The second weekend of March 1993 was notable on a couple of levels. Up and down the east coast, it’s remembered for the late winter Storm of the Century/”bomb cyclone,” a massive low pressure system that formed over Florida and spent a couple of days wreaking havoc as it headed north. Lexington was relatively spared, though travel east and south were well nigh impossible due to snow and high winds.
More locally, I had a blind date that Friday evening, arranged by a friend from college. We met at a record store in the mall, drove to a nearby restaurant for dinner, and wound up renting a movie and watching it back at my apartment (Sister Act, I believe). On Saturday, I was able to drive north on I-75 amid the flying flakes to attend the afternoon wedding of a(nother) college friend.
The date went well enough; she and I wound up seeing each other with varying frequency for a little more than a year. She was certainly nice, but in retrospect it should have been–and maybe was–clear pretty early on (to both of us) there was insufficient long-term compatibility. For whatever reason, it took more time than it should have (at least for me) to fully acknowledge that. I think we more or less made a successful transition to “just friends” before completely losing touch.
Anyway, on to the MRT chart from earlier this month:
29. Dada, “Dim”
I like this driving track much better than “Dizz Knee Land.” Gotta love a line like “Can’t this car go ’cause I can still see where I am.”
28. Ween, “Push Th’ Little Daisies”
I’m on record as being a fan of Pure Guava‘s “The Stallion Pt . 3.” A little of these guys does go plenty far in my world, though.
27. The Candyskins, “Wembley”
Another British troupe that came and went so quickly I didn’t quite notice. Fun little number, I will say.
22. The Tragically Hip, “Courage”
You know, it’s a blot of my record that I know essentially nothing about the Hip. That’ll be changing soon.
18. World Party, “Is It Like Today?”
Right or wrong, I didn’t get into Bang! the way I had the excellent Goodbye Jumbo. I probably like “Give It All Away,” which won’t be discussed in a future installment, better than “Is It Like Today?”
17. David Bowie, “Jump They Say”
Black Tie White Noise was Bowie’s first solo release in six years, a reunion collaboration with Nile Rodgers. At the least it wasn’t nearly the commercial success they’d enjoyed a decade earlier with Let’s Dance.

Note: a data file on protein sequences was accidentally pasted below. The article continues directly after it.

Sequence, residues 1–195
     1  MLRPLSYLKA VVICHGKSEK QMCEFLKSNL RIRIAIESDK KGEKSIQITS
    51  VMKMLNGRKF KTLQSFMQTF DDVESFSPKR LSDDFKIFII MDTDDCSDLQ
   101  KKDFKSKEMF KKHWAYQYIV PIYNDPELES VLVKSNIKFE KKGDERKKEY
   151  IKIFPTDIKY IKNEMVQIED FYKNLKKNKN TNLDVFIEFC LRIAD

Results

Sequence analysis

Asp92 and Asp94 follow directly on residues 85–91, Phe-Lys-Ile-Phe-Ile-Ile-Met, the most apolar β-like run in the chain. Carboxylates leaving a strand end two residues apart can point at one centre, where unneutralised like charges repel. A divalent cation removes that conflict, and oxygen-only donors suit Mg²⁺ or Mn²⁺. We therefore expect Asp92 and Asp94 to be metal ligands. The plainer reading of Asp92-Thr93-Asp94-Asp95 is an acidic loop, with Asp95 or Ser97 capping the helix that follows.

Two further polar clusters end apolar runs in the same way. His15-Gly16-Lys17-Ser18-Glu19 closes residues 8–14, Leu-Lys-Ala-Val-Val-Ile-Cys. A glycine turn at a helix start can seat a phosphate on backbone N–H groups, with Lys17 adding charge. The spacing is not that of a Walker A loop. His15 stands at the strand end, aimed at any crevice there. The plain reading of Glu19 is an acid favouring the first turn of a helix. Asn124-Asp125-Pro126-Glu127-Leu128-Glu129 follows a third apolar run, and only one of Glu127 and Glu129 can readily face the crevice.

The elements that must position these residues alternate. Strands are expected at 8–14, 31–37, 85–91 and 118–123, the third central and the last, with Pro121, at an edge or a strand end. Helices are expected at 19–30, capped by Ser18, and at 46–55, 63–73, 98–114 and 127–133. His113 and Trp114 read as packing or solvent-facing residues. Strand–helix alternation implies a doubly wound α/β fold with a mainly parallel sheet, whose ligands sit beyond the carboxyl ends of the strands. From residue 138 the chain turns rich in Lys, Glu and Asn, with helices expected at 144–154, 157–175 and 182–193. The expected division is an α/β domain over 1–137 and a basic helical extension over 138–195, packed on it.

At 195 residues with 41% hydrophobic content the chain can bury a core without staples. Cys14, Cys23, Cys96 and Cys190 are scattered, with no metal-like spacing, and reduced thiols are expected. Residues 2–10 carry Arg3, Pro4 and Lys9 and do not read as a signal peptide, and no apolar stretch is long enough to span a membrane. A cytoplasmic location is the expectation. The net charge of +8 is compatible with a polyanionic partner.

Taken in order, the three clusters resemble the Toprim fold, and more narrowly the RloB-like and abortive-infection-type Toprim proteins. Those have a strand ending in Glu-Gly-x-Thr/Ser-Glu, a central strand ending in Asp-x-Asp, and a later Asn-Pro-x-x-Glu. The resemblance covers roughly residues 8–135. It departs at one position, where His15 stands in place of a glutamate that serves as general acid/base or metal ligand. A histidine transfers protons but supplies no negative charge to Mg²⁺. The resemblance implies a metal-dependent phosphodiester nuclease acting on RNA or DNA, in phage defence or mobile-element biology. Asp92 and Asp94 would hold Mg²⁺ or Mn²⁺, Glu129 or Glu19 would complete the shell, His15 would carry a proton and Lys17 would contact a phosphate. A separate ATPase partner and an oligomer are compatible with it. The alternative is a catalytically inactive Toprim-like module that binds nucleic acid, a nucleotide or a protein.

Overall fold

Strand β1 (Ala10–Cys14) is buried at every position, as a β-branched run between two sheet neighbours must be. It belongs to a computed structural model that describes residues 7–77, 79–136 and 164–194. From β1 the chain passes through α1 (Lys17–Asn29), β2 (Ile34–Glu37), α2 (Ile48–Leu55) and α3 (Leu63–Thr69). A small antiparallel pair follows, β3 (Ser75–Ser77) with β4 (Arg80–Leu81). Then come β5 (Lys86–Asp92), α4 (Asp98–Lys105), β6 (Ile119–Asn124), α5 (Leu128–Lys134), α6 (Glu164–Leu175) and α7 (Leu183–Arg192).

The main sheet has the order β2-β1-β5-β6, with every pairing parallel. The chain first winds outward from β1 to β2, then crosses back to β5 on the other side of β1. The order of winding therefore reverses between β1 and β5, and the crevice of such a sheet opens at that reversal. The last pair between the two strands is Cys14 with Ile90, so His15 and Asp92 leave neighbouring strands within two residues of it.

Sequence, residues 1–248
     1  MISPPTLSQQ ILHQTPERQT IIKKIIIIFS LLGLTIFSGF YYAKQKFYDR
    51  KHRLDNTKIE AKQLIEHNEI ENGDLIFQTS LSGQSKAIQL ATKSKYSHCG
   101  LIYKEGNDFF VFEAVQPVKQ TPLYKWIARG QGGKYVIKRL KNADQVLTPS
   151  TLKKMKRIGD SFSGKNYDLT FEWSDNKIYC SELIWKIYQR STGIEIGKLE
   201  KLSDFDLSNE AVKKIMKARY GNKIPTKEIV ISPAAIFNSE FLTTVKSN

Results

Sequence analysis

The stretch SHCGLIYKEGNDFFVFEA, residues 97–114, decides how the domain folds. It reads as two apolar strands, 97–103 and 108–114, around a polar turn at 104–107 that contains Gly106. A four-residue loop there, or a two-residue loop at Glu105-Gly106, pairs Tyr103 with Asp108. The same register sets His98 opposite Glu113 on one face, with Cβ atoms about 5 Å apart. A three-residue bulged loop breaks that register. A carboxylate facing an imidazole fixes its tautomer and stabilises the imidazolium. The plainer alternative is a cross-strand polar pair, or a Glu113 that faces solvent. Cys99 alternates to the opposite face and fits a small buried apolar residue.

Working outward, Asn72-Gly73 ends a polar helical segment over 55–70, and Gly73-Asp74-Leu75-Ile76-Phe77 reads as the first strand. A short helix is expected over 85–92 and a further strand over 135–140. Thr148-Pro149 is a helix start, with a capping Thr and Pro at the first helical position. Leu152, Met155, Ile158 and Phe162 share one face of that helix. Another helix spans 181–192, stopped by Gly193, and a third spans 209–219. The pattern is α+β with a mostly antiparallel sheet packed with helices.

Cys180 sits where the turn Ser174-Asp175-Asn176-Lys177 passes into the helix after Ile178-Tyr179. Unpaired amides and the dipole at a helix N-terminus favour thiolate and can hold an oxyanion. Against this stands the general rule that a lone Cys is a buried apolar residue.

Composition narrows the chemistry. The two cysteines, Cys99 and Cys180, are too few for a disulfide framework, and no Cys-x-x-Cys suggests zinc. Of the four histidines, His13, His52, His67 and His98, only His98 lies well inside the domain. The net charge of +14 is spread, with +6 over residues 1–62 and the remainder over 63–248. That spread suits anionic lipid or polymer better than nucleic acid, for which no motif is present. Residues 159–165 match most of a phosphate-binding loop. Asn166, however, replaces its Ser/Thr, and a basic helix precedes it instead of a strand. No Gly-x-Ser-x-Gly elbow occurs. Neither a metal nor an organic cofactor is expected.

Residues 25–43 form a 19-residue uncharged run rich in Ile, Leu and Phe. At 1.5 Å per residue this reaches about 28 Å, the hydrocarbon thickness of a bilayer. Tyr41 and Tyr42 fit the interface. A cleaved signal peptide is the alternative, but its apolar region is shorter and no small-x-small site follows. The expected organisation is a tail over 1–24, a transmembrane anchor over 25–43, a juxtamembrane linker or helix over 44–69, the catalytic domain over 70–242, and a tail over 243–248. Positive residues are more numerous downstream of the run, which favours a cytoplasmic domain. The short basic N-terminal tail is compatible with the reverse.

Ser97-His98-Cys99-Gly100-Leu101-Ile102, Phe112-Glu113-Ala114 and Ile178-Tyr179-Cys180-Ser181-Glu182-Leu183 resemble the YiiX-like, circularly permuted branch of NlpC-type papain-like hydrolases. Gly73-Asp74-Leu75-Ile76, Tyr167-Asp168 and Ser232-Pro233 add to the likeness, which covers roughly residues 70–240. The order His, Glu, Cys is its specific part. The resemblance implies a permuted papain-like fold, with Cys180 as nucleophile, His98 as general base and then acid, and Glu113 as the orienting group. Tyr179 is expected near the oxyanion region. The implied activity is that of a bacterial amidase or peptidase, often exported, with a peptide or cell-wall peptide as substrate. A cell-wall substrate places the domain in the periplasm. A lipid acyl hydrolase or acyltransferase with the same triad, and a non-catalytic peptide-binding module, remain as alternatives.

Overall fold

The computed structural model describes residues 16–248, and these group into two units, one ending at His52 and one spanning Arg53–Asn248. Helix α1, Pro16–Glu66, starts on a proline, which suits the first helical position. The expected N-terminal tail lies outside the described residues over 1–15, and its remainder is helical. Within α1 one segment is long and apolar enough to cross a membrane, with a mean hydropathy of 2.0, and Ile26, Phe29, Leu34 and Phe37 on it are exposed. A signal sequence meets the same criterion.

14. Hothouse Flowers, “Thing of Beauty”
If I heard this thirty years ago I don’t remember, and that’s a shame. “Thing of Beauty” describes the song itself, an uplifting, joyous romp. Hothouse Flowers didn’t come close to getting the Stateside attention they should have.
12. Tasmin Archer, “Sleeping Satellite”
I bought only three of the albums represented in this post–those from World Party, Belly, and Tasmin Archer. That feels a little low for this series?
I think my friends Greg and Katie were the ones to put me on to “Sleeping Satellite.” Really nice tune, and it even went Top 40, reaching #32 in early June.
10. Lenny Kravitz, “Are You Gonna Go My Way”
One of the more memorable opening riffs from this period, and maybe the song among those mentioned here (it’s either this or #4 below) that’s best remembered today?
6. Living Colour, “Leave It Alone”
Vernon Reid and compatriots were back for a third time with Stain, which would turn out to be their last album for a decade. “Leave It Alone” is a more-than-worthy entry in their canon.
4. Sting, “If I Ever Lose My Faith in You”
Don’t know why but it felt to me like it’d been only about a year since The Soul Cages, instead of two. Here’s another sign that my sense of what makes a Top 10 hit was out of kilter, as I would have pegged this as reaching higher than #17 on the Hot 100.
2. Belly, “Feed the Tree”
Easily my favorite song in this post. Tanya Donelly showed, at least for a few shining moments, why she deserved attention outside of her work with Throwing Muses.
1. Depeche Mode, “I Feel You”
Speaking as someone who only knows DM singles (so take what I say with an appropriate amount of salt), “I Feel You” didn’t impress nearly as much as the stuff on Violator. My sense is that Songs of Faith and Devotion was their first post-peak release; you’re welcome to tell me how wrong I am.